Bristol Weather Station

Totterdown, Bristol, UK.

http://www.bristolweather.org

For further information e-mail  Barry (change the "AT")

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April; 2018: April 2017 in Bristol was the wettest since April 2012 which was the wettest on record. The 78.7 mm of rain in 2018 represents
140.8% of the 30 year average.
It was a warmer than average April mainly due to the high minimum temperatures. The average temperature of 11.3C was 1.2C above the average.
The average minimum temperature of 8.3C was the highest since 8.7C was recorded in 2011.
It was the dullest April, with only 41.3% of the maximum sunshine, since 2012 which had only 39.2%. April 2018 is the second dullest since
this data started in 2006.
The monthly average pressure of 1010mb was the lowest since 2001mb was recorded in April 2012

The 24 hour daily maximum rainfall of 23.7mm on the 1at was the wettest for April since 24.0mm was recorded on 30th April 2002.
The highest daily minimum temperature of 13.2C recorded on the 22nd was the highest since 14.3C was recorded on the 29th April 1994.
The highest daily maximum temperature of 24.8C recorded on the 21st was the highest April temperature since 26.2C was recorded
on the 21st April 2011.

Annual 2017: The annual average temperature of 12.1C in 2018 was 0.8C above the 30 year average for Bristol. This makes 2017 the 3rd warmest year (equal with 1989, 1990 and 1997). Continuous records for average temperature having been found since 1891 in Bristol.

The Total rainfall for 2017 was 751.0 mm. This is 138.9 mm less than the 30 year average for Bristol and the driest year since 2011 when only
723.1 mm was recorded. 2017 was the 39th direst year in Bristol in 165 years of continuous annual data for the city.

It was the dullest year on record since this data started in 2005 with a annual average 0f 37.7% of maximum sunshine. The average is 40.0%..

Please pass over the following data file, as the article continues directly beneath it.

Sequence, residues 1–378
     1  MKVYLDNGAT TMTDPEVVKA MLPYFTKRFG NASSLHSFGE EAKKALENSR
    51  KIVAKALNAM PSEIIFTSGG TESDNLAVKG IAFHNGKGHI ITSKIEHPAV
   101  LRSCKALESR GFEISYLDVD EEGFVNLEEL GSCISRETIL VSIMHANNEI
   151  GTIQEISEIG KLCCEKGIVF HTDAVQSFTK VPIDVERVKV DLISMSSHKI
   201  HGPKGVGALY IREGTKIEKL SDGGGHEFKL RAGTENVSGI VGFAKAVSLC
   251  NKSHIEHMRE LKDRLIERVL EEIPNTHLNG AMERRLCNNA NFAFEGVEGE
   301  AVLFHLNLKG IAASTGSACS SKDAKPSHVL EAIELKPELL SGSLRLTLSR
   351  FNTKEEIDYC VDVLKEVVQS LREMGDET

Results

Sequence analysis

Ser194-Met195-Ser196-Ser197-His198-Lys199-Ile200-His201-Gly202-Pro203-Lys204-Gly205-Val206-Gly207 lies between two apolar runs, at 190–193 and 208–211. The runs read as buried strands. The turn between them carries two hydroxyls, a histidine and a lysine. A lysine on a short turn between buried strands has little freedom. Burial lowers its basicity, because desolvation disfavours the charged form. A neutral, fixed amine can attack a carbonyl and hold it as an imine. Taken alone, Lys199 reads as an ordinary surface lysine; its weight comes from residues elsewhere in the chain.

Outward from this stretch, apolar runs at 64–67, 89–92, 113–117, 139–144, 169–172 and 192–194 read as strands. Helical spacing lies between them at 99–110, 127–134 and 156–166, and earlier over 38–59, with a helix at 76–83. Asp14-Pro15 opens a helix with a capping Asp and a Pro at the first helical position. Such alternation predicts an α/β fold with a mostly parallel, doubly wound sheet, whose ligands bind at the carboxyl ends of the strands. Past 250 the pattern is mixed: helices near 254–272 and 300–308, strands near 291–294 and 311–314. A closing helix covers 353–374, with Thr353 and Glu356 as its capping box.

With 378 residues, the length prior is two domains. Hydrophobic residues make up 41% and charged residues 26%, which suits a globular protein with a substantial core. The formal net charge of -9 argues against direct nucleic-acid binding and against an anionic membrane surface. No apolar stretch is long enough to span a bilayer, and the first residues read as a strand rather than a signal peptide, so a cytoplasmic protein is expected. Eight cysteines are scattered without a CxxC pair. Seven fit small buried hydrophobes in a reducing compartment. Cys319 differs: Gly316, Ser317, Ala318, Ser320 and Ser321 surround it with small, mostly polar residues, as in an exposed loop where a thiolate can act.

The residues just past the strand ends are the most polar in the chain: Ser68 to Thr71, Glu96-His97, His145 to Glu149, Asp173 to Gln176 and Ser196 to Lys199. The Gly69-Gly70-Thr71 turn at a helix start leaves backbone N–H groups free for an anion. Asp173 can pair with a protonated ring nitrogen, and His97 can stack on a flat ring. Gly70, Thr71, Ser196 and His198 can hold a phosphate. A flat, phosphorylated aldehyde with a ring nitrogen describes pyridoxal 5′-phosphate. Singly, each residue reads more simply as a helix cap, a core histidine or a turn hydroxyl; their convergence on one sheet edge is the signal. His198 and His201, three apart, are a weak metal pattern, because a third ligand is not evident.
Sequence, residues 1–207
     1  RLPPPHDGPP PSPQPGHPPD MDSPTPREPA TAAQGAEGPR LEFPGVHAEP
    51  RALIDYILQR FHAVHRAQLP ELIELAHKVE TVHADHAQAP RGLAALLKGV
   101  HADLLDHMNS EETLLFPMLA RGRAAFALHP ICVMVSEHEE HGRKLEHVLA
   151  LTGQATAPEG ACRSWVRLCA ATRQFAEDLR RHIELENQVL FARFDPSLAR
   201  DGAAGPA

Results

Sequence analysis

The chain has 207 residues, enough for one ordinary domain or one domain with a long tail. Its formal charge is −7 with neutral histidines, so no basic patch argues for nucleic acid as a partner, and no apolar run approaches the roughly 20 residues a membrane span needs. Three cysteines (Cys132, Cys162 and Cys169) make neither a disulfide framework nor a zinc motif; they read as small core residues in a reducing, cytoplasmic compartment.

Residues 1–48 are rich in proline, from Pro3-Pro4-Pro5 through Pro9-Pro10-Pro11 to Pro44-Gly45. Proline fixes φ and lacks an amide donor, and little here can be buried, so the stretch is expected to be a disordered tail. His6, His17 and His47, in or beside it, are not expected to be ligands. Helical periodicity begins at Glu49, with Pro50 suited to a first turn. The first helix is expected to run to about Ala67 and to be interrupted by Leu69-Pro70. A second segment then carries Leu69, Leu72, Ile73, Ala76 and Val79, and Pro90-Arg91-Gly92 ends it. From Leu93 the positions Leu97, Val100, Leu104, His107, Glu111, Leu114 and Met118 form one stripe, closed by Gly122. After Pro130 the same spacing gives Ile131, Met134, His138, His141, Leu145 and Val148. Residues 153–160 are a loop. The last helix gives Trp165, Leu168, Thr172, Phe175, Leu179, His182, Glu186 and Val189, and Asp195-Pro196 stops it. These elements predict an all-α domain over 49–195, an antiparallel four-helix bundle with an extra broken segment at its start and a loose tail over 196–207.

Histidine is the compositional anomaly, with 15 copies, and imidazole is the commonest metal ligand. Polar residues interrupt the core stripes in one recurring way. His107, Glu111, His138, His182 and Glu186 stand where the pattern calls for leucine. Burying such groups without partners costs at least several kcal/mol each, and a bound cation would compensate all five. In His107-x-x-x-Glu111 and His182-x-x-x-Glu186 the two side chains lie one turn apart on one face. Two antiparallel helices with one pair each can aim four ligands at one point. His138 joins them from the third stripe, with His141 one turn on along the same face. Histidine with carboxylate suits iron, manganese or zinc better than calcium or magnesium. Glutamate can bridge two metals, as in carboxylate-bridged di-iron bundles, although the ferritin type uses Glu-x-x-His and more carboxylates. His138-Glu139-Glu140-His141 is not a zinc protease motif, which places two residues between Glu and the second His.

The 2017 Annual summary is here: http://www.bristolweather.org/weather2017annual.htm

For the full monthly summary please go here: http://www.bristolweather.org/weather2018apr.htm

The Meteorological site is situated in an urban housing area approximately one mile to the south of the Centre of Bristol. This area is in a district called Totterdown.

Statistical correlations with the Bristol Meteorological Office site, that was less than two miles to the North and was situated on top of a City Centre office block, were generally good with rainfall and barometric data particularly close.

The site of the station is approximately 34 metres above sea level with the manual instruments mounted in a Stevenson screen. The screen is sited centrally in a small concreted garden area. A Snowdon rain gauge is mounted correctly in the ground but does not have the full open space required around it. A  Davis Vantage Pro2 Plus automatic weather station (AWS) was added in May 2005 and this is mounted 4 feet above a concrete shelter. The wind data is gathered automatically from a Davis Vantage Pro2 Plus anemometer which is sited 3.3 metres (10 feet) above the house top.

Manual observations are still taken at approximately 09:00 hours GMT every day for rainfall and cloud cover. Rainfall manually recorded in the Snowdon rain gauge is entered for the previous day. The wind data is constantly logged and automatically reset at 24:00 hours GMT every day (in the summer BST -1 hour. The Davis rainfall tipping bucket was recalibrated in November 2005 and is now consistently under 3% under recording (an improvement from installation in May 2005 when 10% was more typically the norm).

Since the arrival of the Davis Vantage Pro2 Plus equipment in May 2005 temperatures, humidity and barometric pressure are recorded from the new equipment. These figures will be more accurate and will be taken at exactly 09:00 GMT (in the summer BST -1 hour) as the data is now logged to a computer.

By default the Davis equipment records every parameter for the 24 hour period 00:00 to 23:59 BST or GMT. Data analysis will enable manual data extraction of temperatures and rainfall to 09:00 GMT (adjusted in the summer). Due to the 0.2 mm (tipping bucket) measurements of precipitation recorded by the Davis equipment the Snowdon rain gauge will still be used due to its greater accuracy (see above).

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